A reset from the inside out
The gift of Beethoven
Having previously performed 6 of the 10 sonatas more than 20 years ago, it has been a lovely process coming back to the familiar, as well as discovering the new. Primarily due to the work I have been doing over the last 2 years getting to the nitty-gritty of my performance philosophies, these incredibly pristine works of Beethoven are proving to be an absolute gift for me.
Even though I have spent my whole career consciously peeling layers of tension away in my playing, with the recent time I have had to step back and observe in much more detail what is going on inside my body, I have discovered subtle yet deep habitual layers of tension that hinder ultimate control and comfort. I have felt these blocks in my playing and performance over the years and in some ways they were becoming more apparent and problematic as time went on.
These Beethoven sonatas are offering me an opportunity to reset my physical and mental foundation.
Rather than the more traditional building ‘from the bottom up’, I’m approaching my foundation ‘from the inside out’.
Building my foundation from the inside out
Wonderfully, locating and clearly feeling my physical centre before I even begin has the instant impact of putting me in touch with my whole body.
This whole-body awareness is a powerful place to begin from and the challenge is to keep the whole body involved in the process of playing and performing.
Holding onto the feeling of centre, I experiment with relating my movements directly to it. In addition, I also search for balance in whatever movement I make with my body, big or small.
When I look for balance, I instantly discover where balance is lacking. And as soon as that discovery is made, my body feeds back to me where the balance can be found.
This ‘search for balance’ always reaps surprising rewards. With balance comes the ability to observe and let go of unnecessary tension.
What then follows is more technical control of sound and easeful freedom of musical expression. I am finding this process to be incredibly liberating.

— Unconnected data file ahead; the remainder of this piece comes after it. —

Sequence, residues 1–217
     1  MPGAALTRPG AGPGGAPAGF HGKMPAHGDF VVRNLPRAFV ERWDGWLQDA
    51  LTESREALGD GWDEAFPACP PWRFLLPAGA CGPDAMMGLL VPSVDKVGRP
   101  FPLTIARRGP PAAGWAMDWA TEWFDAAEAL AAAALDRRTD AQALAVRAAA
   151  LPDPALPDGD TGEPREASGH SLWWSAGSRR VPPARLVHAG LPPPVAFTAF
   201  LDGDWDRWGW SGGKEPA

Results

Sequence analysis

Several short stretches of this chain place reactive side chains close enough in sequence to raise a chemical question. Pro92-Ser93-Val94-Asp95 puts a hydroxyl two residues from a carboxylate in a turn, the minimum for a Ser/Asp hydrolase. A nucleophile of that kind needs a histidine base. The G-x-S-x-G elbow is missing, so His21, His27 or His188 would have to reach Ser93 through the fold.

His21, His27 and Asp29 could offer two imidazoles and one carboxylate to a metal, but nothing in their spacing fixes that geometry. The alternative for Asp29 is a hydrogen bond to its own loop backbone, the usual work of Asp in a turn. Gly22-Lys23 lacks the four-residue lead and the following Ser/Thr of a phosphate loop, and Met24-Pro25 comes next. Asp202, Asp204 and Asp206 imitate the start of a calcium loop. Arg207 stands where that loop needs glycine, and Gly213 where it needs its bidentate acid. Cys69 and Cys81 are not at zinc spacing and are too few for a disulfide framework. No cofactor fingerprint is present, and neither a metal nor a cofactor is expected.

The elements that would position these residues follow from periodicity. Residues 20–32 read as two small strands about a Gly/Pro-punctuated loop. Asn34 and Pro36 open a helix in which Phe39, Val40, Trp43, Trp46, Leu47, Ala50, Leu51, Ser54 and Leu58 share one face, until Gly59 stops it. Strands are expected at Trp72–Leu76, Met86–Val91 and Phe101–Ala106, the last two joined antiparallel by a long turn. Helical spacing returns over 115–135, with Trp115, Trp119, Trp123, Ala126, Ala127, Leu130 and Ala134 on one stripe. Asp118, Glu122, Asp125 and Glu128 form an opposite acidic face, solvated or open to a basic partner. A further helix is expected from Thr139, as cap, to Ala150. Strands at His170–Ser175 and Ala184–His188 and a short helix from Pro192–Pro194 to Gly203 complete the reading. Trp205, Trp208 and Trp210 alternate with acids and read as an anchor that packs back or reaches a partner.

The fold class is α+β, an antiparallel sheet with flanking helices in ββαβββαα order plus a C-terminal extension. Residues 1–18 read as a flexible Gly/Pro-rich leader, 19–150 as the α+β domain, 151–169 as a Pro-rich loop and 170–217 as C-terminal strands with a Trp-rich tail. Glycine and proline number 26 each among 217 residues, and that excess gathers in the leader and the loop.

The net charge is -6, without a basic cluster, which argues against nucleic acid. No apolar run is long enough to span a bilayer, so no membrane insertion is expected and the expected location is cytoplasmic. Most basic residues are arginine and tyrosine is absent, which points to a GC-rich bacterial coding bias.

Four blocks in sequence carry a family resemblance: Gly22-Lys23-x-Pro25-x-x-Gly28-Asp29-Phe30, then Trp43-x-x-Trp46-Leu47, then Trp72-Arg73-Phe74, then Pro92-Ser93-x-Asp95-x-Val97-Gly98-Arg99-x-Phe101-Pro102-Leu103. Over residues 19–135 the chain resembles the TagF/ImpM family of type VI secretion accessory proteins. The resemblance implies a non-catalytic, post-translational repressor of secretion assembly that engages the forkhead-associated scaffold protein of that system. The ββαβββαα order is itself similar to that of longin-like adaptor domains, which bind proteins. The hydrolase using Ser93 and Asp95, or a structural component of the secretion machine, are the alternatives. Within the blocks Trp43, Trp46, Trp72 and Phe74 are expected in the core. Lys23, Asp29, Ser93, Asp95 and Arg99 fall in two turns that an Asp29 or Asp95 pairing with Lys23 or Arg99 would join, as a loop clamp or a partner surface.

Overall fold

I have to be vigilant, as my habits of tension, restriction, doubt and fear so easily slip into my playing when my attention drifts away.
When I catch myself in that state, I bring my awareness back to my centre and inevitably the source of tension is uncovered. I celebrate these moments, as with this enlightening clarity the tension invariably evaporates and the whole body returns to ease and freedom.
Development through sound
I am discovering that any imbalance or lack of centre is ultimately expressed negatively in the sound – perhaps as weak or unsupported tone, poor intonation, forced sound, awkward shift.
So, any less than ideal sound is a signal to return to centre and seek out the imbalance. Time and time again, this concept is proving to be incredibly powerful and rewarding.
With this approach has come a renewed freedom of expression. Every movement can so much more directly and easefully respond to the precise detail of what I am listening for – each movement intimately led by the creative listening of my ear.
Being conscious of the involvement of my whole body in my playing has connected me to the concept of whole-body choreography. In the past, I have been conscious of the choreography of different parts of my body in isolation, but to become aware of the choreography of my whole body as one cohesive unit has presented a sense of being like a dancer.
Using my whole body like a dancer as I play is liberating and I intend to explore this awareness in more detail in the weeks to come.